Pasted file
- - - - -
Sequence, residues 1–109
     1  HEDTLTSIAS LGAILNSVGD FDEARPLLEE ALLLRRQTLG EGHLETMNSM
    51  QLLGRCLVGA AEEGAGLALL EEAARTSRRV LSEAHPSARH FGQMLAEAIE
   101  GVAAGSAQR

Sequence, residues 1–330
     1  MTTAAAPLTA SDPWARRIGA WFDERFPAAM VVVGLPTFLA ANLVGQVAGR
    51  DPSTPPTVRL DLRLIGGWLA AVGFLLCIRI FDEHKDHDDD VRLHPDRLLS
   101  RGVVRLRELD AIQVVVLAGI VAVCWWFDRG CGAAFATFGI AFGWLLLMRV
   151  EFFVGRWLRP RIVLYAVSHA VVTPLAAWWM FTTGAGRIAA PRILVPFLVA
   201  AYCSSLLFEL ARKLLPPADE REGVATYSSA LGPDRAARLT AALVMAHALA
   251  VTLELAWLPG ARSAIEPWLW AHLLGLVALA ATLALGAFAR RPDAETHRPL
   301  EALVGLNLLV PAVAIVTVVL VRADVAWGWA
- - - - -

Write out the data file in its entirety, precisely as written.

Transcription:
Sequence, residues 1–109
     1  HEDTLTSIAS LGAILNSVGD FDEARPLLEE ALLLRRQTLG EGHLETMNSM
    51  QLLGRCLVGA AEEGAGLALL EEAARTSRRV LSEAHPSARH FGQMLAEAIE
   101  GVAAGSAQR

Sequence, residues 1–330
     1  MTTAAAPLTA SDPWARRIGA WFDERFPAAM VVVGLPTFLA ANLVGQVAGR
    51  DPSTPPTVRL DLRLIGGWLA AVGFLLCIRI FDEHKDHDDD VRLHPDRLLS
   101  RGVVRLRELD AIQVVVLAGI VAVCWWFDRG CGAAFATFGI AFGWLLLMRV
   151  EFFVGRWLRP RIVLYAVSHA VVTPLAAWWM FTTGAGRIAA PRILVPFLVA
   201  AYCSSLLFEL ARKLLPPADE REGVATYSSA LGPDRAARLT AALVMAHALA
   251  VTLELAWLPG ARSAIEPWLW AHLLGLVALA ATLALGAFAR RPDAETHRPL
   301  EALVGLNLLV PAVAIVTVVL VRADVAWGWA